Sensory processing disorder occurs when the brain cannot receive and process sensory input. There is no official medical diagnosis for sensory integration dysfunction, which was formerly called sensory integration disorder.
Those with sensory processing disorders tend to be overly sensitive to their surroundings. They may experience pain or overwhelm at the sound of common sounds. They may chafe at the touch of a shirt.
Those who suffer from sensory processing disorders may also:
- Be uncoordinated
- Bump into things
- Having difficulty locating their limbs in space
- Being difficult to talk to
Children tend to have sensory processing disorders. However, adults can also suffer from them. Developmental conditions such as autism spectrum disorder are associated with sensory processing disorders.
There is no such thing as sensory processing disorder in isolation. Many experts believe that needs to change.
Read: False Memory Disorder
What is sensory processing?
You may indeed have been taught about the five senses in elementary school, but in reality, you have more than five senses.
There are eight main types of sensory processing:
- Proprioception. The self-awareness that you have about your body is called “internal”. It is what keeps you in proper posture and allows you to control your movements. Additionally, it reveals how you move and occupy space.
- Vestibular. This term describes the inner ear’s ability to perceive space. This helps keep you balanced and coordinated.
- Interoception. The ability to feel what is going on inside your body. As a result, you can understand it as what you “feel.” This includes your physical temperature and your feelings.
- Five senses. Last but not least, there are the five senses: touch, hearing, taste and smell.
The term sensory processing disorder was previously used to describe sensory issues. There is no official recognition of the disorder in the Diagnostic and Statistical Manual of Mental Disorders, Fifth Edition (DSM-5).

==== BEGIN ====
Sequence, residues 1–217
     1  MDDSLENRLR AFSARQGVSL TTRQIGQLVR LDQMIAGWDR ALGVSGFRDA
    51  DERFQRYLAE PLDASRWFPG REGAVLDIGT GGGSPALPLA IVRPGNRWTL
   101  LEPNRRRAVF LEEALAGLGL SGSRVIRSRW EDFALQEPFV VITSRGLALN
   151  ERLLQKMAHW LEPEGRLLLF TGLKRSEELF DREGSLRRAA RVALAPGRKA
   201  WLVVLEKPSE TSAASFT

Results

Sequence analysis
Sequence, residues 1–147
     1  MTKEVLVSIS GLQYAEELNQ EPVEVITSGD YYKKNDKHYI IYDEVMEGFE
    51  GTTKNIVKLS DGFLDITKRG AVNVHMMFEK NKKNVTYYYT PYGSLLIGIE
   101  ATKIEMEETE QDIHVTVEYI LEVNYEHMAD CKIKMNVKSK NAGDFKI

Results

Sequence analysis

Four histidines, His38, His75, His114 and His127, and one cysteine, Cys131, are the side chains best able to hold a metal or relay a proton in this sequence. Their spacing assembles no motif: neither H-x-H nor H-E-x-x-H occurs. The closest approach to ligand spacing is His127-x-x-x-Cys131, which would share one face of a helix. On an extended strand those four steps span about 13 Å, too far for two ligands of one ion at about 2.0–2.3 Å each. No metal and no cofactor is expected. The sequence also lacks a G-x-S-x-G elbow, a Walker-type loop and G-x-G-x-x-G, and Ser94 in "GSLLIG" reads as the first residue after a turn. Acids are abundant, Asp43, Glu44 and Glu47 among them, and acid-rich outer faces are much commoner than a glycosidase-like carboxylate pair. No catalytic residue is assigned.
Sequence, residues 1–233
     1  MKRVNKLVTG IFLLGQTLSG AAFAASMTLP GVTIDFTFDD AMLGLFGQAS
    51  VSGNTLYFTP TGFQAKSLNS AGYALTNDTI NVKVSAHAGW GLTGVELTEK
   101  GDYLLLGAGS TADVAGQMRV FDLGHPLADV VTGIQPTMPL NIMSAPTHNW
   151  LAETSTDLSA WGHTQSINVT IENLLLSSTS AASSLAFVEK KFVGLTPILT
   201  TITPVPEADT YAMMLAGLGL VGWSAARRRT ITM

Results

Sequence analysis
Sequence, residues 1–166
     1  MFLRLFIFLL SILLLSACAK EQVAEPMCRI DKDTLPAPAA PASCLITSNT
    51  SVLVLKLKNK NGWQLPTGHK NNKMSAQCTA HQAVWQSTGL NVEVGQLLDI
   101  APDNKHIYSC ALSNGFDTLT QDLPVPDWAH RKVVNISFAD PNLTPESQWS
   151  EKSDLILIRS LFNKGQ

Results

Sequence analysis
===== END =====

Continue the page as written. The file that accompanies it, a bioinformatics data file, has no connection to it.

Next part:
Many experts and doctors believe sensory issues are components of another condition or disorder, rather than being their own disorder. This is one reason why there is little information about this issue and how best to treat it.
Knowing what is known can help parents, caregivers, and healthcare professionals understand and support their children.
SPD and ADHD
SPD is a disorder that can occur alone or in conjunction with another disorder, such as ADHD. ADHD affects 60 percent of children with SPD symptoms. Several studies conducted by Lucy Jane Miller, Ph.D., director of the Sensory Processing Treatment and Research Center in Denver, Colorado, indicate that more than half of children who were diagnosed as ADHD also had SPD or both.
It’s important to note that their symptoms have some striking parallels, as well as some notable differences. Inattention and fidgetiness are characteristics shared by ADHD and SPD. People with SPD will behave differently if they are relieved of the sensory overload of itchy tags or humming fluorescent bulbs. ADHD patients do not. There is a difference in treatment for ADHD and SPD when they coexist, since they are two different conditions.
Symptoms of sensory processing disorder
Senses like hearing, touch, or taste may be affected by sensory processing disorder. Several senses may be affected as well. It is also possible for people to be overly or under reactive to their difficulties.
There is a spectrum of symptoms associated with a sensory processing disorder.
For instance, some children may vomit or dive under the table when they hear a leaf blower outside the window. Children may cry when they are touched. Some foods can cause them to tremble.
However, others seem immune to external stimuli. Some are insensitive to extreme temperature changes or even pain.
A sensory processing disorder child is often a fussy baby who becomes anxious as they grow. They often have a hard time dealing with change. Sometimes they have meltdowns or have tantrums.
This happens to many children occasionally. Sensory processing disorder can also be diagnosed when the symptoms are severe enough to interfere with normal functioning and stop people from living their daily lives.
Causes of sensory processing disorder
It is not known what causes sensory processing disorders. However, a study of twins conducted in 2006 discovered that hypersensitivity to light and sound was closely linked to genetics.
Researchers have also demonstrated that when children with sensory processing disorders are simultaneously exposed to light and sound, their brain activity becomes abnormal.
Another experiment showed that children with sensory processing disorders will remain sensitive to the touch of their hand or the sound of a loud noise while other children quickly adapt to the sensation.
Treatment for sensory processing disorder
The condition affects many children, but families find it difficult to receive help. There is no recognized medical diagnosis for sensory processing disorder at this point.